The Russian president and his soon-to-be Ukrainian counterpart Volodymyr Zelensky have been engaged in a sort of media duel after Russia last week offered a fast track to Russian citizenship to Ukrainians living in self-proclaimed republics in eastern Ukraine. Moscow said the move was a humanitarian one and necessitated by Kiev's failure to reconcile with its own citizens living in the east. But officials in Ukraine, including the president-elect, called it an act of aggression.
Amid the uproar from Kiev, Putin last Saturday suggested that the same simplified procedure may be extended to all Ukrainian citizens. Zelensky responded with a scolding Facebook post, in which he mocked the idea that a holder of a Ukrainian passport might be tempted with the Russian one.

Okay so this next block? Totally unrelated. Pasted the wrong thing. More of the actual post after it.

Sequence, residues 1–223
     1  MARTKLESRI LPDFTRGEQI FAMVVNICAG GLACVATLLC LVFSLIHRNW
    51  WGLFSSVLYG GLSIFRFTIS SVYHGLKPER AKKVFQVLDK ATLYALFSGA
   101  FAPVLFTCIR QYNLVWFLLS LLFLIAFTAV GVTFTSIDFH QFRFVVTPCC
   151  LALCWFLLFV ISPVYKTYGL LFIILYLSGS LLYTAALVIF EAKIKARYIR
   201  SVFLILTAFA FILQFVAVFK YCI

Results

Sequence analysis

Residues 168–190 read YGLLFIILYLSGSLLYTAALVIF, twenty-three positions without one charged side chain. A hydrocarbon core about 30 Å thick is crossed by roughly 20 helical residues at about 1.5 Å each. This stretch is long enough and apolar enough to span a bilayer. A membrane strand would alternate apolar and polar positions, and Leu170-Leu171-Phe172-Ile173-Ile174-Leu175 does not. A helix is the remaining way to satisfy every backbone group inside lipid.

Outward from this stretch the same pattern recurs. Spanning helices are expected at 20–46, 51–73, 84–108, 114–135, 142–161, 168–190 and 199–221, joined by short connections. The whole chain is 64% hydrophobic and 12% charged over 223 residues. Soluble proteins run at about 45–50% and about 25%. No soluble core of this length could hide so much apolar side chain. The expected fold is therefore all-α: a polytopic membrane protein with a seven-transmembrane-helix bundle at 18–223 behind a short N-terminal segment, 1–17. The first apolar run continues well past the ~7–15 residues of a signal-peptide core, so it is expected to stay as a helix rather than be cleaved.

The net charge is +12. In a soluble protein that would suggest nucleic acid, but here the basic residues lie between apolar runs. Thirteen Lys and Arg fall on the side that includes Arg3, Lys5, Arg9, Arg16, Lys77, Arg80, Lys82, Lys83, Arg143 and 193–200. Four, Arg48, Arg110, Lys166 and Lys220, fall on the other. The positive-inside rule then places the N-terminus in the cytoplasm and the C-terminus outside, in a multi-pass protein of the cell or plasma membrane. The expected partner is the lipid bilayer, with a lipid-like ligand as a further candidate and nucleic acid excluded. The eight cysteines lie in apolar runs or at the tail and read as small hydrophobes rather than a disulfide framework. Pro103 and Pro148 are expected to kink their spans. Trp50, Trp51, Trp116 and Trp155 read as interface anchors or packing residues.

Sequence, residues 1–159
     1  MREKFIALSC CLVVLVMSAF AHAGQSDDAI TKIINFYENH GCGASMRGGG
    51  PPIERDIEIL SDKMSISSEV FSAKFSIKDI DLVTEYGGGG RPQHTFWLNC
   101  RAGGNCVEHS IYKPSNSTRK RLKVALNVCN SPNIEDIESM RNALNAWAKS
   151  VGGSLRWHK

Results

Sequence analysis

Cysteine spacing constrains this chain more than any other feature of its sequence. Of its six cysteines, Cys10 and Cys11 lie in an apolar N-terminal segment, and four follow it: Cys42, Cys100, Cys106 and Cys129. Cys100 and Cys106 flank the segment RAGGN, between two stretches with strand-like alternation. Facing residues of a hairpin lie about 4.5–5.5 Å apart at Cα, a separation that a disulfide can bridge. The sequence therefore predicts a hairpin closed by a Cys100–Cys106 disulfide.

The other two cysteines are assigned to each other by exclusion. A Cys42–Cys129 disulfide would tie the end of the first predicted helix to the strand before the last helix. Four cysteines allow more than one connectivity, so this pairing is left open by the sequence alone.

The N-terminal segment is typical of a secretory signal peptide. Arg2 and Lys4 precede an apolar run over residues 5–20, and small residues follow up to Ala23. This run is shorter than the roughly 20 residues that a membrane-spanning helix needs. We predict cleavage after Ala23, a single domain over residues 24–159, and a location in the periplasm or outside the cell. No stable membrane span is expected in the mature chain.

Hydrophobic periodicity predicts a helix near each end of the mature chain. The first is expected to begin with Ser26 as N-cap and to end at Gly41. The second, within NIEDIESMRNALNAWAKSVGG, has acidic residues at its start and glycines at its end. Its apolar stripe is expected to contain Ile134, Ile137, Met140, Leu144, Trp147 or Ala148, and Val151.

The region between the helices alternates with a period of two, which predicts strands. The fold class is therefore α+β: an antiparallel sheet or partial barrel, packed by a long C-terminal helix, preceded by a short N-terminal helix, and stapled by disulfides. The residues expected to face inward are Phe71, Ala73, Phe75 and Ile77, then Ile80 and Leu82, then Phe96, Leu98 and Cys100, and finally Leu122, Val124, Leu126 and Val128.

"We know what a Russian passport actually gives. A right to be arrested for a peaceful protest. A right not to have free and competitive elections. A right to know nothing about existence of natural human rights," the emotional post said.
He added that Ukraine will "offer Ukrainian citizenship to members of all peoples suffering from authoritarian and corrupt regimes. First of all to Russians, who are suffering pretty much more than anyone else."